A few weeks ago I went diving in Swanage with BSOUP the British Society of Underwater Photographers that I have recently joined.
I was looking forward to some local diving so when I found out that they were organising a trip I managed to get on.
I drove there the night before and I was number two on the pier the next day.
It was a deceiving clear morning with perfect conditions on land.
I had two cameras one in the housing and one for land use so I took a few snaps.
Once parked on the pier I was informed by two friends that dive locally all the time that it was better to wait when the water level was a bit higher.
At that point it did look like a great day however there was a bit of wind.
I had my GH5M2 with the Panasonic 45mm macro that I acquired last year and has become my favourite macro lens.
I jumped in the water one of the first to find out the visibility was well maybe 1 meter? I could not see the LCD screen of the camera due to the suspended particles and had to use the viewfinder
One of the first things I say was this corkwing wrasse with a massive parasite near its eye.
Unfortunately I did not have a snoot or strobes suited for the challenge so I spend the first dive training myself on how to get the least amount of back scatter. Mind you when there are particles you will have backscatter not matter what you do.
Static subjects are ideal for testing so I had a go at some really simple stuff.
And again some anemone the object was to get the cleanest possible shot.
When I was reasonably happy I moved to some more interesting subject I gave up on blennies as I knew everyone would have shot some and besides my strobes were not the best for the situation and I found a cooperating cuttlefish.
I can tell you that to get this clean shot it took me quite a while but on reflection despite being very low I could not even see a hint of the surface so bad the conditions so I decided to get really close.
I wanted to emulate a profile of a person or perhaps an elephant not sure but I took a number of shots waiting for the tentacles to be in the right position and this is my best shot for the day.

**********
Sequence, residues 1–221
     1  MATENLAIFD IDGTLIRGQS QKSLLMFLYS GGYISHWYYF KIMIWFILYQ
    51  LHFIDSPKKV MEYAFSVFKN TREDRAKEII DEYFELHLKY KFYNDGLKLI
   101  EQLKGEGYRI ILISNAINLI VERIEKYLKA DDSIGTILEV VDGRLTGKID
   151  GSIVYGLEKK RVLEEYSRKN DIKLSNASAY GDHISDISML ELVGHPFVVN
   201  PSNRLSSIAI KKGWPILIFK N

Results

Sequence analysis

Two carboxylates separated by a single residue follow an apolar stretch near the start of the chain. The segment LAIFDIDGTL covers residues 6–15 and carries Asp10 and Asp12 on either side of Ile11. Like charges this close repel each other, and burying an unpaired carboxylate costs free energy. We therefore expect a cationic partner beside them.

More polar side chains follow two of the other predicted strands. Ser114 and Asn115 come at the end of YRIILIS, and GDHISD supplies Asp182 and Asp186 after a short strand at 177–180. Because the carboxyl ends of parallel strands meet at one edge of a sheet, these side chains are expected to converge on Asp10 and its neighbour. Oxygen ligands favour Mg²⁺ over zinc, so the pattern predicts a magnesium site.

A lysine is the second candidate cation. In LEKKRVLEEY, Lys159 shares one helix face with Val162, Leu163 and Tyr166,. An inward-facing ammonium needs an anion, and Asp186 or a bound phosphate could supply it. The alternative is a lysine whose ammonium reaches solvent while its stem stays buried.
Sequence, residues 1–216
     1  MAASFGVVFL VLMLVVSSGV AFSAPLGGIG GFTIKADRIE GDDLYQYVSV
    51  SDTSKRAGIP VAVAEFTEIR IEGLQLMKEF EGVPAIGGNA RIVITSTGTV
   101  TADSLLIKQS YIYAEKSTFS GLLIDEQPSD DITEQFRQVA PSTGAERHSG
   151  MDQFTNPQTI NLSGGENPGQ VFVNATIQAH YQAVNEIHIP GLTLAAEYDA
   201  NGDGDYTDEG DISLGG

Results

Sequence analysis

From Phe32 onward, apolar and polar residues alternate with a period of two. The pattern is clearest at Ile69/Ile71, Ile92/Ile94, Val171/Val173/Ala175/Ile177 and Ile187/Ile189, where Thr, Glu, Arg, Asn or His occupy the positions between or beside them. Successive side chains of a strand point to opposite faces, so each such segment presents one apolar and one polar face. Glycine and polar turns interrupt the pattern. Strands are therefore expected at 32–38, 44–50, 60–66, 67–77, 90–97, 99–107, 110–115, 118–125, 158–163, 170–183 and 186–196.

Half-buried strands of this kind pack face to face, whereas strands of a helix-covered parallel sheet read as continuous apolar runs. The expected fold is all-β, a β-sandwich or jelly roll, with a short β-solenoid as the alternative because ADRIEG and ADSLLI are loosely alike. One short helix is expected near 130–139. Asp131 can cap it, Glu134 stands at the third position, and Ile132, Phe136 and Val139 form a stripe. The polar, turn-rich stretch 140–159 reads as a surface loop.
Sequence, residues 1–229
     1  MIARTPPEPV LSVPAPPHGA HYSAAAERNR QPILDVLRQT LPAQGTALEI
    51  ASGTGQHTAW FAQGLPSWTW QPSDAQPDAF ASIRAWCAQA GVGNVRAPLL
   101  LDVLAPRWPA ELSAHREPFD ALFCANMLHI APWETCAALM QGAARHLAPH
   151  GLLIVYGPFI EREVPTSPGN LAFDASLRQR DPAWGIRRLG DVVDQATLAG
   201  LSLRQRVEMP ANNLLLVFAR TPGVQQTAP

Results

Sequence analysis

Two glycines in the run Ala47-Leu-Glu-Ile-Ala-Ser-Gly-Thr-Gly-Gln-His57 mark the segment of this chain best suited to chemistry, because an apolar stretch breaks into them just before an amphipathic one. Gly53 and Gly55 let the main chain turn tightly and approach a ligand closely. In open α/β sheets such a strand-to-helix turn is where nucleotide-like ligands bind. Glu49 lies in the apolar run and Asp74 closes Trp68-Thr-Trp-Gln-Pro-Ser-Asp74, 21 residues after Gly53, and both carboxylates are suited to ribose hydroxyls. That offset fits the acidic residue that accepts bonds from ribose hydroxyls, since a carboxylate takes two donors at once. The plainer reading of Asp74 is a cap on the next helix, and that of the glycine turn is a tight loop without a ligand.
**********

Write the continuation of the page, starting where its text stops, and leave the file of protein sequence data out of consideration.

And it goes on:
I would say it is quite creepy but after all I had something decent and when I presented the shot in the club review at the sailing club it got some good feedback.
Now with that in mind let’s have a look at some shots taken in clearer water this is from Sorrento Peninsula.
You can see that clearer water improves contrast and sharpness as you would expect however as the UK shot was very close the gap is not as big.
And this is a shot from last time I was in the red sea
This is super macro so again suspended particles are not as important.
However if we look at a mid-range shot similar to the whole cuttelfish the situation is very different.
Here we are in Italy.
And finally here in the red sea.
For as much as we may love our local dive site there is a degree of adaptation but also a restriction on the variety of shots we can take.
When I was working as resident dive instructor I remember the guidelines we were passed one was really funny and said:
“if the visibility is crap you don’t say that to the guests what you say is today we are going to focus on macro” then you make sure you choose a site where there is some.
I am looking forward to my boat in the Red Sea end of July remember if you follow me on instragram there may be some voucher codes to be used for discount.
If like me you have been trying to make the most of your local dive site you deserve to get yourself in clear water where you can actually see further away than your arm. Of course we do have some good days in England sometimes 5 even 8 meters but I tale Egypt and their 25+ meters any day of the week!
A closing thought on conditions and land photography, in fact even if visibility is not an issue most times unless you have fog, overcast days, excessively clear days do not make great land pictures either so we can say we are always on a quest chasing light and conditions.